Income Tax Filing Do’s and Don’ts

31 March is a date which marks the end of beautiful 365 days or the end of a financial year. A period, which is considered as a good number of days for identifying how we did ‘financially’.  As an aftermaths, we must compute our incomes, pay the due taxes and file our tax returns. I would admit upfront that there could be hundreds of Income Tax Filing Do’s & Don’t when it comes to tax computations and filings – thanks to the complexity and scale of the Income Tax Act. However, this post doesn’t aim to cover the entire set of complexity.

I am noting down few key points which I frequently come across while filing the tax returns for my clients and can be easily avoided by early diligence & review. As and when I come across more, I will add to this list.

  1. Archive All that Data – Take the opportunity to extract all financial records and archive them for future references. Examples include your bank statements, salary slips, TDS / Tax slips, insurance premiums, investment records, assets and loans / liabilities. Archiving them yearly may be of great help for quick future reference, for tax or any other reasons;
  2. Form 26AS, The Holy Grail – Extract Form 26AS from your income tax login and match it against the tax deducted against your incomes. It is one of the most common issues whereby owing to errors (or frauds), tax deducted on your account may not be paid to the tax man. Or if it is paid, your PAN is not accurately reported by the tax deducting person / Company. This would eventually result in tax demands being made by the tax man from you. You may get more details about Form 26AS here > Form 26AS – See How Much TDS Got Deducted
  3. Tax Audits – Don’t forget to get your books audited if your total turnover / sales cross 1 crore mark. If you accept digital payments (95%), this limit is 5 crores for you. A specific call out for those folks who did a lot of stock trading turnovers this year > if you crosses these thresholds, please get in touch with your CA in time.
  4. Delay in Filing – You do not need to wait till the last date of filing the returns or any extensions thereof. Remember, it is a yearly exercise. If you delay this year, you will have next year’s efforts coming your way within a few months.  In addition, delayed filing could cost financial penalties of upto Rs. 10,000 and also prevent you from carrying forward of any tax losses. These losses come handy in setting off against future gains, thereby reducing tax payouts.
  5. Capital Gains – Many people have dabbled in stock markets recently. I have come across a few who think that gains from stock trading is a tax free income. No it isn’t. You may be in for a rude shock with those assumptions. For past 2 years, capital gain reportings have become onerous and most of the trading / investment applications provide necessary reports to make this task possible. If in doubt, please contact a Chartered Accountant.
  6. Form 16 Errors – I have often come across cases where Form 16s have grave errors. Its contents may not match with payslips and at times within its different parts. If you spot that early enough, you will have a chance to get it corrected in time for your tax filings. Hence please open up that Form 16 email from your HR and confirm if it matches with your records;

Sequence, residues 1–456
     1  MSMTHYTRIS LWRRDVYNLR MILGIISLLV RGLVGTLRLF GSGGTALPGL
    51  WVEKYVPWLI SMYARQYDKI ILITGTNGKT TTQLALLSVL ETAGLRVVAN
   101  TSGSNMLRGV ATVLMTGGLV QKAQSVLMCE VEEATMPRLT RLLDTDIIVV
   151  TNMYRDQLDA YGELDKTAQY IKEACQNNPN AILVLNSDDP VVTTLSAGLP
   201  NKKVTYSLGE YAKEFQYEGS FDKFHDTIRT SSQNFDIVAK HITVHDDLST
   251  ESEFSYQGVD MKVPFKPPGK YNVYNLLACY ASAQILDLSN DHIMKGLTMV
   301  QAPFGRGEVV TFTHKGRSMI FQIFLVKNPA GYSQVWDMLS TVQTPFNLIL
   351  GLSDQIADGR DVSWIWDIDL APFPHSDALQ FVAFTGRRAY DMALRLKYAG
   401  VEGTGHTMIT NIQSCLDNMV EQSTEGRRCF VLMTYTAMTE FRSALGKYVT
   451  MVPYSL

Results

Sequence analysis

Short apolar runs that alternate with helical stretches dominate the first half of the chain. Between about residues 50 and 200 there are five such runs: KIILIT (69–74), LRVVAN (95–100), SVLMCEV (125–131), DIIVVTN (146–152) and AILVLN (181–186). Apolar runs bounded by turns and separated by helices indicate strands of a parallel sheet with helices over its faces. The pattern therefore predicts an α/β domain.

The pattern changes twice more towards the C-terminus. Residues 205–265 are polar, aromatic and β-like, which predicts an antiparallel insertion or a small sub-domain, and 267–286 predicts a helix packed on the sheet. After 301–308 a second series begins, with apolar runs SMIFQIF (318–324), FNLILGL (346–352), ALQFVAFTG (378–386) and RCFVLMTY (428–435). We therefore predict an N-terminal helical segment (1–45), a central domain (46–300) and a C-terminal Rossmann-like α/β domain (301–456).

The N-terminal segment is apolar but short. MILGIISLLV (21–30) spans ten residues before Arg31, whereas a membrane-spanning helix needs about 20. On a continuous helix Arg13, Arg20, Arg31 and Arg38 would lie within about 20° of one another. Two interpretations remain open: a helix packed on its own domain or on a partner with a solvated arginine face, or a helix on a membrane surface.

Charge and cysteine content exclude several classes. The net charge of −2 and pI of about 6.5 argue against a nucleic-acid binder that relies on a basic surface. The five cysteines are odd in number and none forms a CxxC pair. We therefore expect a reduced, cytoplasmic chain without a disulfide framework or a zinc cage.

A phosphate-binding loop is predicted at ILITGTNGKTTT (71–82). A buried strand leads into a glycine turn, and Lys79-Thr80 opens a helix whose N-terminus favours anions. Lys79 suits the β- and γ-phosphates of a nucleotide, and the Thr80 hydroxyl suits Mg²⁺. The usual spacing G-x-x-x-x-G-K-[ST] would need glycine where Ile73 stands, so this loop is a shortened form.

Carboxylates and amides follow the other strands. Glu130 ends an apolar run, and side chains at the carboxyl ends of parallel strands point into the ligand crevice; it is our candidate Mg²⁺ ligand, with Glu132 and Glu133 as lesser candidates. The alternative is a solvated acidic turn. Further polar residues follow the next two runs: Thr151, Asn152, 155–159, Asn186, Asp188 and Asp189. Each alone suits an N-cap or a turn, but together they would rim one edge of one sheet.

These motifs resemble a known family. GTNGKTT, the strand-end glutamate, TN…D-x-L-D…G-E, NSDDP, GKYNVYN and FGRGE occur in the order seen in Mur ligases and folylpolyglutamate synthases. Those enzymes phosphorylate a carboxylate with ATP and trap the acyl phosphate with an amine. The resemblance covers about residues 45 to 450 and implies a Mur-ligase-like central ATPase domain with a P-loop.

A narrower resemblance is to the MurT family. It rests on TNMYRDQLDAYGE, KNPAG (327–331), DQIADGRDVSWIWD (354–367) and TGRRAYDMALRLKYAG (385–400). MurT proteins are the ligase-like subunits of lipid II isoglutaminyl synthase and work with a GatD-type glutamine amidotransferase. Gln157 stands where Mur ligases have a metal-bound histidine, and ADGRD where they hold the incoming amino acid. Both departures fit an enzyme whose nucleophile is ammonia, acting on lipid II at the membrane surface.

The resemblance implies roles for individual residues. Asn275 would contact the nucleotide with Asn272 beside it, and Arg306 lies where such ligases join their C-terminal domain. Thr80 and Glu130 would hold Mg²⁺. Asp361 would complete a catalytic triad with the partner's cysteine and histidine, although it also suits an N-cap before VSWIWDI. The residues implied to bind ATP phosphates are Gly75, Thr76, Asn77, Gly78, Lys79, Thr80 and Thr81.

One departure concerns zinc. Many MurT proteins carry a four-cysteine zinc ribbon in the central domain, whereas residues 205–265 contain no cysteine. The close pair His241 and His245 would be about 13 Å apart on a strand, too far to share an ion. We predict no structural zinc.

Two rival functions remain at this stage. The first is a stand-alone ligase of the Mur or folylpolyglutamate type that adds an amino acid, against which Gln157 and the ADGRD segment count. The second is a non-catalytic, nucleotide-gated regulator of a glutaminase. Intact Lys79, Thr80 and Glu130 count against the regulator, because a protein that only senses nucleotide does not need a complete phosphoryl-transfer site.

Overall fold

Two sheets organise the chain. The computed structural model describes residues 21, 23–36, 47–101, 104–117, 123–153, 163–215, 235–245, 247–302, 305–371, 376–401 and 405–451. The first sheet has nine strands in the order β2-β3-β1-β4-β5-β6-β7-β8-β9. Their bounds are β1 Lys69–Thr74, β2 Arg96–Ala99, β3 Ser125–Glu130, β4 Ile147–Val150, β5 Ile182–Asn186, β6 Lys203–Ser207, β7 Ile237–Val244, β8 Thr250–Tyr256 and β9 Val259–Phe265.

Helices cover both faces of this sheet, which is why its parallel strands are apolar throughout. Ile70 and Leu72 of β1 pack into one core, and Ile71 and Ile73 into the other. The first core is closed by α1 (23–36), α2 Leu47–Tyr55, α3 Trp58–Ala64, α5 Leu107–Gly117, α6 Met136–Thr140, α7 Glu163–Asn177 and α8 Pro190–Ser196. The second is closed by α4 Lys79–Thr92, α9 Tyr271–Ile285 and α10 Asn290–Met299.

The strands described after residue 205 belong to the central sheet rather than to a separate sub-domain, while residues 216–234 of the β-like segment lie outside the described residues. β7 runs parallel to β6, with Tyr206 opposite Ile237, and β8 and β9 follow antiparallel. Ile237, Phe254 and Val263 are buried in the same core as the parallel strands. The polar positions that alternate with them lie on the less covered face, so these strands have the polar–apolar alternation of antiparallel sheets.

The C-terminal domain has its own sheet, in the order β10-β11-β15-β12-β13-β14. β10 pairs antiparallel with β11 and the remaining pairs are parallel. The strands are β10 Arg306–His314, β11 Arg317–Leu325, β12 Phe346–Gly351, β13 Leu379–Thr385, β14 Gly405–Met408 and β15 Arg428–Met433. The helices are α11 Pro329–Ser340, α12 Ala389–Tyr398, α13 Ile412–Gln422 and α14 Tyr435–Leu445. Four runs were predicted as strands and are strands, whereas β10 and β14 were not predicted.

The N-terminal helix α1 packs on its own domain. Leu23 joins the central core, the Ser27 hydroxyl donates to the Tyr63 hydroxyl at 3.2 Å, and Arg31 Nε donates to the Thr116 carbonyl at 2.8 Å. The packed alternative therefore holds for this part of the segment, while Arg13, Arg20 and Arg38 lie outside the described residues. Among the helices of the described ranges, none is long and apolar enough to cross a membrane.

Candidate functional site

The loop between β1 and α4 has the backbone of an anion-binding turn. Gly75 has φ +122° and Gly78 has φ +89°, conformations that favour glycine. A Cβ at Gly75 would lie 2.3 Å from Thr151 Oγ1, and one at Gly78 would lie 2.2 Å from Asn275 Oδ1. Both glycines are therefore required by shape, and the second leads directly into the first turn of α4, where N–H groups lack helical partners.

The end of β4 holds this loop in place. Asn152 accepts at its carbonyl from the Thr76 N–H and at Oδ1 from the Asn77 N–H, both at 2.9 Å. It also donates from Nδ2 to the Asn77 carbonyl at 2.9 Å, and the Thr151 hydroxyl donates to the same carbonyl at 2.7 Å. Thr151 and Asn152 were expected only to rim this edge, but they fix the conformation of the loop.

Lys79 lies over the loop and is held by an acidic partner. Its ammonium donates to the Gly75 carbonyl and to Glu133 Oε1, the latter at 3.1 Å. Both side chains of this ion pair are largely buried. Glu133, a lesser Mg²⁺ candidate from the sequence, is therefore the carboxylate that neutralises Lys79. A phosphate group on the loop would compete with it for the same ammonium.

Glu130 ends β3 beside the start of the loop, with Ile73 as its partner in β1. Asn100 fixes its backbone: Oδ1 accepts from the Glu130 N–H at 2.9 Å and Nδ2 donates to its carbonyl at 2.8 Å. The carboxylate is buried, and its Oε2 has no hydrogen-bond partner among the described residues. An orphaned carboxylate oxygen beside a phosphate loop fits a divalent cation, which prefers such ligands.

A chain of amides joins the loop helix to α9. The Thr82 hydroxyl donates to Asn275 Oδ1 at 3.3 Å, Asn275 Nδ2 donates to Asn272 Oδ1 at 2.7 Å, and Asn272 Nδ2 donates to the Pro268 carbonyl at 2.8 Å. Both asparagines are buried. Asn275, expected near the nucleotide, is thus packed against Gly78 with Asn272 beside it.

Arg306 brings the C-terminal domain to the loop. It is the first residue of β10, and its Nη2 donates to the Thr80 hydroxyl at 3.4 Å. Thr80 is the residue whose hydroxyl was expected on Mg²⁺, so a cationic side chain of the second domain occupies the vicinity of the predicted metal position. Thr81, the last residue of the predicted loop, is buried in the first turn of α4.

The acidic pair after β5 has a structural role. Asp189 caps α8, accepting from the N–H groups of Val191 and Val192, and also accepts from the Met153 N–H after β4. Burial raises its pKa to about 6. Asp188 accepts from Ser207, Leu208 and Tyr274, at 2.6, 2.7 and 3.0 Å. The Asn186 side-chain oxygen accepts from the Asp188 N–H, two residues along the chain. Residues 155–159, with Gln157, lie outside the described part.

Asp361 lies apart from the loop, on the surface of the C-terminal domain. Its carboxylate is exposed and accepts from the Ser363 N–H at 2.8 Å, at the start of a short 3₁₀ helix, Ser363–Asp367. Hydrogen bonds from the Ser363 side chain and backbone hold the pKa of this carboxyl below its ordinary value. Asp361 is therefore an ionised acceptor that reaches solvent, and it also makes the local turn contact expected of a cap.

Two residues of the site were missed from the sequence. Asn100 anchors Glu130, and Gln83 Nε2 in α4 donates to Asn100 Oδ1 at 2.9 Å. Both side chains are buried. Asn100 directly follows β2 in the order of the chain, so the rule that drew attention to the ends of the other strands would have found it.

7. Interest Incomes – Do not forget that interest income accruing in your bank fixed deposits. Download the Bank Interest Certificates and disclose the income.
  8. Overseas Assets – If you have lived overseas and are now back in India, it is likely you may have overseas assets. These could include your bank accounts, investment balances, properties outside India. Even if they don’t accrue any income, you need to disclose them ‘mandatorily’ !
  9. Disclosure of Assets – For those lucky folks whose incomes are beyond 50 lakhs, you are required to disclose all your assets and liabilities each year. This simple looking disclosure can bite back if you miss a material asset one year and add it to the next year. You will let the tax department guessing > how come this person added this extra piece of asset whose value goes beyond the yearly taxable income. Please be diligent here and do the maths well to avoid a tax notice.
  10. Dividend Incomes – From 1 April 2020, dividend income has become taxable. In many cases, the related tax (TDS) has been already deducted any reported to the tax man with your PAN details. Do not forget to report Dividend income and pay tax on it.
  11. Bank Statement Transactions – You should consider downloading the entire transaction statement of all your bank accounts in Excel. Add another column in the transaction history and add brief remarks for future reference. Examples could be ‘Dividend’, ‘Interest Income’, ‘Investments’, ‘Loan EMIs’, etc. Not only it will help in quick compilation of your tax returns, but also help in spotting any odd transaction which missed your eye.

Being a Chartered Accountant, I personally have to refer the Income Tax Act multiple times during the busy tax filing period. While hating the complexity of the tax code, I have often chuckled that till such time this complexity is maintained, the demand for CAs will be always be there. One may call it as the cost of earning income. In case you need help, please feel free to contact us via

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